JpGU-AGU Joint Meeting 2017

Presentation information

[EE] Poster

A (Atmospheric and Hydrospheric Sciences) » A-AS Atmospheric Sciences, Meteorology & Atmospheric Environment

[A-AS03] [EE] International Field Campaign - Years of the Maritime Continent (YMC)

Sun. May 21, 2017 5:15 PM - 6:30 PM Poster Hall (International Exhibition Hall HALL7)

[AAS03-P08] Modulation of the diurnal cycle of precipitation over the Maritime Continent by the Madden-Julian Oscillation

Shu Kubota1, *Shoichi Shige1 (1.Kyoto University)

It is well known that the diurnal cycle of precipitation is dominant over the Maritime Continent. There have been disputes on the impact of the diurnal cycle of precipitation by the Madden-Julian Oscillation (MJO). Many studies used cloud top height observed by infrared radiation (IR) or outgoing long-wave radiation (OLR) as a proxy for precipitation. Peatman et al. (2014), however, claimed that IR and OLR are not good proxy for the rainfall over Maritime Continent. In this study, modulation of diurnal cycle of precipitation by the MJO is examined using a Tropical Rainfall Measuring Mission Precipitation Radar (TRMM PR) dataset spanning 16 years.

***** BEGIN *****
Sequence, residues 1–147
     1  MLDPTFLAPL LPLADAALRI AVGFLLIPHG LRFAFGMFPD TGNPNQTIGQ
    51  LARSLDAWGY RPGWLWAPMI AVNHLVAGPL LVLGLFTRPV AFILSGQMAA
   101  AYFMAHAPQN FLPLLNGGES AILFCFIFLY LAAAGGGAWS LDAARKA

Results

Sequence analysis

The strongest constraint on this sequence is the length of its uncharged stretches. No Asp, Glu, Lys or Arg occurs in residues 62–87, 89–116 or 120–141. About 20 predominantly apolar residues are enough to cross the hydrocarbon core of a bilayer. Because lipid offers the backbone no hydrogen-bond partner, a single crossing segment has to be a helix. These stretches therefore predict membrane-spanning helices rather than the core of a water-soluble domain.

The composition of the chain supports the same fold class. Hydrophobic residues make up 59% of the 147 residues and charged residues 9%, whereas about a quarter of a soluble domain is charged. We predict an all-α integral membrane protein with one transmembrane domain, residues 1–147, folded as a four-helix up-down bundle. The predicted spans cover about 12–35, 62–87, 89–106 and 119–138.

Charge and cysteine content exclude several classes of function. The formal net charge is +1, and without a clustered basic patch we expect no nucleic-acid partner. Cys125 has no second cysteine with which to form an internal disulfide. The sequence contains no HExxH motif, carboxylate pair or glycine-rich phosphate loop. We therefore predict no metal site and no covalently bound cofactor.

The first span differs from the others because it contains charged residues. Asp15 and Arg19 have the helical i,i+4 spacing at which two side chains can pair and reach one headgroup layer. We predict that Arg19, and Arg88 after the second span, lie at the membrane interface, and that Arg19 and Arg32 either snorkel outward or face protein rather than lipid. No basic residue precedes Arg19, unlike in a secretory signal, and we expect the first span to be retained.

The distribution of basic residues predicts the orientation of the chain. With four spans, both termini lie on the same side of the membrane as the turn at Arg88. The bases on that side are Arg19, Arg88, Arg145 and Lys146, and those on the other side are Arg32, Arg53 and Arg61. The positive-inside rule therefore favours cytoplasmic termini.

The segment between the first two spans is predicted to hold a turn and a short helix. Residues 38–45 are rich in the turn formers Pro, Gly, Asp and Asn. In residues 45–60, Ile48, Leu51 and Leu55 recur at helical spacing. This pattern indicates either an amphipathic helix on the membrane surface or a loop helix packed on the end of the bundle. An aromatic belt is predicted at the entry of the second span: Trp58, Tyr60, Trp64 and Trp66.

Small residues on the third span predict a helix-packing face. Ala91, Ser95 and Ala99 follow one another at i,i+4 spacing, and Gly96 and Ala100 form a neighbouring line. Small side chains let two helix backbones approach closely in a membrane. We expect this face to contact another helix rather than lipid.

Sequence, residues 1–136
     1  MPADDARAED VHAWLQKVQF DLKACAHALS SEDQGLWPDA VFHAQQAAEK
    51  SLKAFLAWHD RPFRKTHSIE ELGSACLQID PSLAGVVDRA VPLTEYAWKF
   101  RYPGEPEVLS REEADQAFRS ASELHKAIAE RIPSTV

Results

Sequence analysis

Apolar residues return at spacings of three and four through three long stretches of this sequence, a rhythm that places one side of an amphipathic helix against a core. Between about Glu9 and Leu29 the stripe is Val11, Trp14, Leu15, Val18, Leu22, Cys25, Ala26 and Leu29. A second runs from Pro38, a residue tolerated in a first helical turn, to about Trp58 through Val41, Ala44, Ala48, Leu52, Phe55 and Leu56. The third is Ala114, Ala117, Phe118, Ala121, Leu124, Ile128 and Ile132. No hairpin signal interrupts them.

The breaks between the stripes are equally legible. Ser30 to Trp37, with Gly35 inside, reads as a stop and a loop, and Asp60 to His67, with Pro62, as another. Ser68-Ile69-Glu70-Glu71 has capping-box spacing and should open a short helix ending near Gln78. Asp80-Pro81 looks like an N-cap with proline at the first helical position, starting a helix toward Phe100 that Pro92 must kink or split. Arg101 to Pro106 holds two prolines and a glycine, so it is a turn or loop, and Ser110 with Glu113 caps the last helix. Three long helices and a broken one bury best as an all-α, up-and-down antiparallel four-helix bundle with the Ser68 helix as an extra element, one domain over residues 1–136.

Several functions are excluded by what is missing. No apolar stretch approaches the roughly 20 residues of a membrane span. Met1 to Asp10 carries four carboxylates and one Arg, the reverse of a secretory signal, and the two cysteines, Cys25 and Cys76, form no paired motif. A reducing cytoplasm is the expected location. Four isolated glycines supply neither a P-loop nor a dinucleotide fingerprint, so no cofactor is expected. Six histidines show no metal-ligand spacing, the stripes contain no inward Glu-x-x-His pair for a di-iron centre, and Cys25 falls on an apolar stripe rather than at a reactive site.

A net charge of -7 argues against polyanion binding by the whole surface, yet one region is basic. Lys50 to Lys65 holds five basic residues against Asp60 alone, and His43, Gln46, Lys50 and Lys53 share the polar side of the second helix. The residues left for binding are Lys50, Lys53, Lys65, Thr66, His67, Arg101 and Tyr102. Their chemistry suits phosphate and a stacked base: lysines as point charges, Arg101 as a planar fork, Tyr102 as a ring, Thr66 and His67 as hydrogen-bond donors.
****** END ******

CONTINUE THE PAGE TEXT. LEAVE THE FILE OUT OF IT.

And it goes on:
Composite analysis of the MJO shows that mean daily precipitation and the diurnal precipitation have a strong correlation. It is also shown that distribution of precipitation observed by PR does not agree with that of IR brightness temperature. It is remarkable that they differ from each other over land. Especially, maximum precipitations are obserbed before/after minimum brightness temperature is observed on the west/east coast of Sumatera and Borneo. Examining diurnal propagation the coast precipitation of these islands shows that the west coastal propagation gets much stronger before MJO large convection locates on the Maritime Continent while the east coastal one gets slightly stronger after that. Thus, it is likely that west coastal propagation of diurnal precipitation have a great effect on propagation of MJO large convection.